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21/01/2017

Timmermans dashes Danish hopes for ‘parallel deal’ on Europol

Justice & Home Affairs

Timmermans dashes Danish hopes for ‘parallel deal’ on Europol

Frans Timmermans, during the Unicef Carry Light for Children Vigil, New York, 18 September 2016.

[Commission]

European Commission Vice President Frans Timmermans told Denmark’s leaders yesterday (27 September) that they would not get the cross-border policing deal they have been seeking since Danes voted in a referendum to quit Europol.

In a precursor to the much more dramatic vote by the British in June to leave the European Union entirely, Danes last December rejected a government proposal for new laws needed to keep the country inside the European police agency.

Denmark cannot remain full Europol member after referendum

Denmark will not be able to stay in the European police cooperation organisation, Europol, after the country voted ‘No’ last week to a flexible opt-in arrangement under EU Justice and Home Affairs laws, Danish Prime Minister Lars Løkke Rasmussen confirmed on Friday (11 December).

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Since then, the government has sought what is known in EU jargon as a “parallel deal” that would allow it to maintain some cooperation with Europol.

But Timmermanns told Danish broadcaster TV2 that was not possible.

“I’m afraid not. You can’t be slightly pregnant – you’re either pregnant or you’re not. If you vote to be out of Europol, you’re out of Europol. I don’t see on the basis of the legal situation any alternative for that,” Timmermanns said.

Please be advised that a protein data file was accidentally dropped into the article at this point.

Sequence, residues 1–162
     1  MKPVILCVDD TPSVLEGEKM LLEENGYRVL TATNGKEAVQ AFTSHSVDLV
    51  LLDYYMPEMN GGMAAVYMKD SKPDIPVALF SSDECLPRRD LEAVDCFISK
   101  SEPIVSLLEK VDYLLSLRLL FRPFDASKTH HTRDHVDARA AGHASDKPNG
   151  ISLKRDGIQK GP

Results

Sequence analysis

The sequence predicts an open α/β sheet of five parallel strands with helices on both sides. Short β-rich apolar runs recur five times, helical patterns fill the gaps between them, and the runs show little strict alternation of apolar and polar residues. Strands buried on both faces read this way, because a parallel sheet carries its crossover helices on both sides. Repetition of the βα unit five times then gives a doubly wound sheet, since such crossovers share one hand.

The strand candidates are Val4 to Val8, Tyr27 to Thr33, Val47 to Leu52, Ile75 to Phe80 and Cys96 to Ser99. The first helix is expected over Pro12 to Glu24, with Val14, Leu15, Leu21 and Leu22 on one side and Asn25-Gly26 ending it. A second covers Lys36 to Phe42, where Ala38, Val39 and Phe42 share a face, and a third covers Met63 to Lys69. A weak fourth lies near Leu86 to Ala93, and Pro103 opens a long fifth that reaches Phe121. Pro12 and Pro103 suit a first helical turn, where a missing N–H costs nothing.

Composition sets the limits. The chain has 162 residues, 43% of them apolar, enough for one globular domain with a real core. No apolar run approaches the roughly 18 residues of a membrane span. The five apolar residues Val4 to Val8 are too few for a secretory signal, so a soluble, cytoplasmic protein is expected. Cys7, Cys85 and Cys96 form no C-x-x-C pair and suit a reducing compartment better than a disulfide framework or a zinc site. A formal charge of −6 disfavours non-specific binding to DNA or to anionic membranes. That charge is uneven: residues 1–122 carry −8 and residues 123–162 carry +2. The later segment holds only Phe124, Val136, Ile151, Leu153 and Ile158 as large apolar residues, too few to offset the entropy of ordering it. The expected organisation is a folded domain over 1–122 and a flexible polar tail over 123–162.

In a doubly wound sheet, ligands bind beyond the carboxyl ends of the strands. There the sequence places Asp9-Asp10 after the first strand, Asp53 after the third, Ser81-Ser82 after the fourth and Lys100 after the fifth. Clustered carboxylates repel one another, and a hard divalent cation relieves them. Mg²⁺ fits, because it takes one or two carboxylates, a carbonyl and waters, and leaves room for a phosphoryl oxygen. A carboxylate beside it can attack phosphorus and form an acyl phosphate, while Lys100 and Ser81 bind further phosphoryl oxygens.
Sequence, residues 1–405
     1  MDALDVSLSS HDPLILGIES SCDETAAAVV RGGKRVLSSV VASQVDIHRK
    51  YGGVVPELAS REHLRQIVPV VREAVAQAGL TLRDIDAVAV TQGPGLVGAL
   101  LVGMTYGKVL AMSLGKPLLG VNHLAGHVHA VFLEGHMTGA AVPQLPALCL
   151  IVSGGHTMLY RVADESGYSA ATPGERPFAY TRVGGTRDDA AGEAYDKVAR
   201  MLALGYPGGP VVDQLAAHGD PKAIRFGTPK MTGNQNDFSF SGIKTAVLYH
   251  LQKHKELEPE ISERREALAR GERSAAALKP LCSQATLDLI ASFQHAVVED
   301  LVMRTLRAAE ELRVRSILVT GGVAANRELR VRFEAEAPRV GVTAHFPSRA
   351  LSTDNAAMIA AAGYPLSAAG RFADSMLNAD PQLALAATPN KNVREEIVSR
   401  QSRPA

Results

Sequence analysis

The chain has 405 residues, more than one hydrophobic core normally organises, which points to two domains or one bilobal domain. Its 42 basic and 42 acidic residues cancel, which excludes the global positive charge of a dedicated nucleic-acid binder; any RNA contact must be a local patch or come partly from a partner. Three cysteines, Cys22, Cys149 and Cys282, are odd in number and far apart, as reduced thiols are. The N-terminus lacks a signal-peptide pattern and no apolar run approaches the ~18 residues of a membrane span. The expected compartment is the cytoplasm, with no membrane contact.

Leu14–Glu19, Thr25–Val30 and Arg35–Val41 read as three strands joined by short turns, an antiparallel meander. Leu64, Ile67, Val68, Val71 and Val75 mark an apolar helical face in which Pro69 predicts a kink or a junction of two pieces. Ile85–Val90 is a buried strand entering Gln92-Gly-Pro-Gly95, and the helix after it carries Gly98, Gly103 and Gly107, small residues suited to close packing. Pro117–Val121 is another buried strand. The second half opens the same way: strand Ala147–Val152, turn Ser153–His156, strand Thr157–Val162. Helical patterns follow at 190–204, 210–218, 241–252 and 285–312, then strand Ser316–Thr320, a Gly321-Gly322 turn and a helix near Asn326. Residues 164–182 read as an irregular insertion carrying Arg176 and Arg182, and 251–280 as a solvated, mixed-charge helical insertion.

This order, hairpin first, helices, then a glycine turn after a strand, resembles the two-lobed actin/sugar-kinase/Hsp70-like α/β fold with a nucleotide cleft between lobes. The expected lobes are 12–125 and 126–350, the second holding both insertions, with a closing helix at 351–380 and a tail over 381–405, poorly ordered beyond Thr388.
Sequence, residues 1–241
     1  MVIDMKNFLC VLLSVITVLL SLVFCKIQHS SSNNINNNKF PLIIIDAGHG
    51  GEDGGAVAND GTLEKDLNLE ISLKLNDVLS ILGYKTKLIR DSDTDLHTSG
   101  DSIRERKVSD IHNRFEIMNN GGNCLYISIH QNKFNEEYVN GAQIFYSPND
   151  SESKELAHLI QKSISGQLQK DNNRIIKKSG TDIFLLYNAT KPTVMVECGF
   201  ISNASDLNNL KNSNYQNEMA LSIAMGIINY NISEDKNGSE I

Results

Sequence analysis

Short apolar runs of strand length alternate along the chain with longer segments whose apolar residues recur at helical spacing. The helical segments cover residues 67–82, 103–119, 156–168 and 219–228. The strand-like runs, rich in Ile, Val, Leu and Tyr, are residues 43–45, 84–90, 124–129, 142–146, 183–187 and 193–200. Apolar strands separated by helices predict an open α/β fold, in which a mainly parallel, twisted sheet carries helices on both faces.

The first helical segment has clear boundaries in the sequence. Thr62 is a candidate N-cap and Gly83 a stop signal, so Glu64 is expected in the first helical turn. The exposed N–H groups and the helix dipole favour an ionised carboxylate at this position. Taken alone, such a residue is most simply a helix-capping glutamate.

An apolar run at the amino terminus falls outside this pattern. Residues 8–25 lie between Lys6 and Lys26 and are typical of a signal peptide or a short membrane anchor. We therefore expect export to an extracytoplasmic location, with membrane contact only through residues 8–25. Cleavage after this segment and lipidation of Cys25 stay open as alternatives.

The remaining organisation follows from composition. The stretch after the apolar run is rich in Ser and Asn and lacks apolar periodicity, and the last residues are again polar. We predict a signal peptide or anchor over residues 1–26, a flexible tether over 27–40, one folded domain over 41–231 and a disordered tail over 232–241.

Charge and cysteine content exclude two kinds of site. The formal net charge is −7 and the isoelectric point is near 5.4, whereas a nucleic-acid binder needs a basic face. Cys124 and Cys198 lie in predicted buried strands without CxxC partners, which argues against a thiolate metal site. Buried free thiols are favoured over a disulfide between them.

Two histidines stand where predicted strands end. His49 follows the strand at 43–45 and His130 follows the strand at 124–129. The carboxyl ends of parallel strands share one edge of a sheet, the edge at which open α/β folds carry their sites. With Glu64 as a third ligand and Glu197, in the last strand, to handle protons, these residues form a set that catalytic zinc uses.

“The vote of the Danish people was very clear, and the consequence of that vote is that Denmark will not be in Europol,” he said.

Denmark’s Minister for Justice Søren Pind worries that his country will increasingly miss out on important information that could prevent terror attacks.

Minister: Denmark's security opt-out 'problematic' after Brussels attacks

Denmark’s Minister for Justice Søren Pind worries that his country will increasingly miss out on important information that could prevent terror attacks, after EU ministers yesterday (24 March) agreed to step up the information sharing between intelligence services.

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Britain’s leaders face a similar, but far more wide-reaching conundrum, as many would prefer to keep access to the EU single market while avoiding the obligation to allow EU citizens free movement, something the Commission says is out of the question.

Denmark joined the European bloc along with Britain and Ireland in 1973 and has long enjoyed exemptions from several EU laws.